Modern Craft Market at Heal’s London

For two weeks in February, the ground floor at Heal’s furniture department store on Tottenham Court Road has morphed into an exciting market dedicated to Modern Craft, hosting the carefully selected work of 81 craft makers.

“There’s something special about making a discovery, uncovering a treasure, seeing its beauty and investing in it.” This is the drive behind the launch of Heal’s Modern Craft Market.

UK-based designers, artisans and craft collectives (recognised by the Crafts Council and Contemporary Applied Arts) get the chance to present and sell their pieces through the prestigious window of the established design-dedicated store. Some are RCA graduates, some others are self-established makers – all share the passion for the objet and its very personal, hands-on creation.

To complete the picture and impress the casual market browser, a few work stations have been set up in the middle of the space. Visitors can therefore see the artisan at work – shaping pottery, crafting leather furniture, or composing colorful ceramic totems. A conveyor belt has also been placed directly in the store’s window – a concept by creative duo Soderlund Davidson that visually embodies the juxtaposition between factory production and customisation.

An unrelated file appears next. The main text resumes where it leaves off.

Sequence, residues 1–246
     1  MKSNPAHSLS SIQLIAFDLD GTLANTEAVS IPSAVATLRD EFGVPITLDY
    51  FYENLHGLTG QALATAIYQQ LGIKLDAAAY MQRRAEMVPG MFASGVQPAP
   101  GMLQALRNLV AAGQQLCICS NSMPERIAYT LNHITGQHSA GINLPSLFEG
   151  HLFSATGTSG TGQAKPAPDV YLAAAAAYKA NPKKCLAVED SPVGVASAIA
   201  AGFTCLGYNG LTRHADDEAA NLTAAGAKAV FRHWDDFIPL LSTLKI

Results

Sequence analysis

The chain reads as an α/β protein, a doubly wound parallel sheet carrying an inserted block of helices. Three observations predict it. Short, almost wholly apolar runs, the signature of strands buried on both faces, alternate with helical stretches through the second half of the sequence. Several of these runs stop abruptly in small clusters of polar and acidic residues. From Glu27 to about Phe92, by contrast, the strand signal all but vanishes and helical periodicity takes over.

All items are for sale and refurbished – within the production’s limits of course – throughout the two weeks, with the artists also occasionally being present to talk the fascinated shoppers through their concepts and creations. The Heal’s Modern Craft Market runs through february 16th, providing a different take on the Valentine’s Day gift shopping.

For more information please visit Heal’s website here. Craft has been on Stylesight’s radar for some time now, with Futurist and Consumer reports exploring the latest and freshest takes on this welcome comeback; available to subscribers. – Gemma Riberti

Product display – Ariane Prin’s recycled pencil factory

Nick Fraser’s candlesticks – Pottery making station

Soderlund Davidson’s sculptural candlestick – Kezia Regan’s colorful textiles

Carefully curated product displays

Julian F. Bond’s pixel vases – Fay McCaul’s lit textiles

Charlotte Kingsnorth’s stitched urns – Lina Patsiou’s leather clock

Marina Dragomirova’s woven seat – Émilie Voirin’s glass light

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